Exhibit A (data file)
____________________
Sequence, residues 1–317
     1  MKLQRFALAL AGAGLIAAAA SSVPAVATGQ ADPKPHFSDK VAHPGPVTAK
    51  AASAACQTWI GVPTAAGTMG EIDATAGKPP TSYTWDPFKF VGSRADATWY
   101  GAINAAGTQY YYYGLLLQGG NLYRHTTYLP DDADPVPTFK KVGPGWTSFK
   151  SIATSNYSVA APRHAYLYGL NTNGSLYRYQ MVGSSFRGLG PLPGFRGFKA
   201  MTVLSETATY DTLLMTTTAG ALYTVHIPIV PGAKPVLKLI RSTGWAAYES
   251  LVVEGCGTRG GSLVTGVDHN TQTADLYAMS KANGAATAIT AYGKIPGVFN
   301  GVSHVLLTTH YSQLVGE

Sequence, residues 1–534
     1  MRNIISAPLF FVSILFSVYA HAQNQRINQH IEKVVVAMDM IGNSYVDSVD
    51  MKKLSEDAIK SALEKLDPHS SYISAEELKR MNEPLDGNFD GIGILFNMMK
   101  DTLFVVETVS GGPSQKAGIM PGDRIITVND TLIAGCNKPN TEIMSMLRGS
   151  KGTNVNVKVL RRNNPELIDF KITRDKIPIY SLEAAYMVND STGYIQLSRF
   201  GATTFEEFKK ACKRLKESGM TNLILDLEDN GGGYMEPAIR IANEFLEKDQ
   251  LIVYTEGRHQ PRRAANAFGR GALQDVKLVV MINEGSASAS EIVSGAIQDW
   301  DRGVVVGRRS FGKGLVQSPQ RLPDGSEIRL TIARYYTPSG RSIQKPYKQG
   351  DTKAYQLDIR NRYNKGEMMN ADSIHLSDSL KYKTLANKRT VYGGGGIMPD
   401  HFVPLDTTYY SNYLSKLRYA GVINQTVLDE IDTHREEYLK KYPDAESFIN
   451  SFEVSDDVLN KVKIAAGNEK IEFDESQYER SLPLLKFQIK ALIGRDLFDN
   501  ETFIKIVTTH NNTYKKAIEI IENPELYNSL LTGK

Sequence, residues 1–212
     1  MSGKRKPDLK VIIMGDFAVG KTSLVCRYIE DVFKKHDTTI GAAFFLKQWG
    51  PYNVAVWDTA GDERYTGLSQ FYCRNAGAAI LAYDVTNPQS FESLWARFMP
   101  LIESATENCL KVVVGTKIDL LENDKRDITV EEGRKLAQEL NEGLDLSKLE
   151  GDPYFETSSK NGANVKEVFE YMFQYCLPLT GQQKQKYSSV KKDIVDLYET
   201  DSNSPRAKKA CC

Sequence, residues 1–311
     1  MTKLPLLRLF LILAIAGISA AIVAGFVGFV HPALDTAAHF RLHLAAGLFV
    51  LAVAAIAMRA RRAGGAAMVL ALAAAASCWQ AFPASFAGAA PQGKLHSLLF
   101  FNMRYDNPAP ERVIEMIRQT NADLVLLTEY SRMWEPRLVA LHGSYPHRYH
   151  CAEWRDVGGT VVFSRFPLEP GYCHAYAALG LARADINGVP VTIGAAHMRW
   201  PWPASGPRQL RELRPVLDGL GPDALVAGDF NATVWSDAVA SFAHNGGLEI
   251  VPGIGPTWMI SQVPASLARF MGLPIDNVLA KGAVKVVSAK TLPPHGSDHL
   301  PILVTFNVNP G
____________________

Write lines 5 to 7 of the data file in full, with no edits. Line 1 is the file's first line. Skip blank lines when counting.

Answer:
   151  SIATSNYSVA APRHAYLYGL NTNGSLYRYQ MVGSSFRGLG PLPGFRGFKA
   201  MTVLSETATY DTLLMTTTAG ALYTVHIPIV PGAKPVLKLI RSTGWAAYES
   251  LVVEGCGTRG GSLVTGVDHN TQTADLYAMS KANGAATAIT AYGKIPGVFN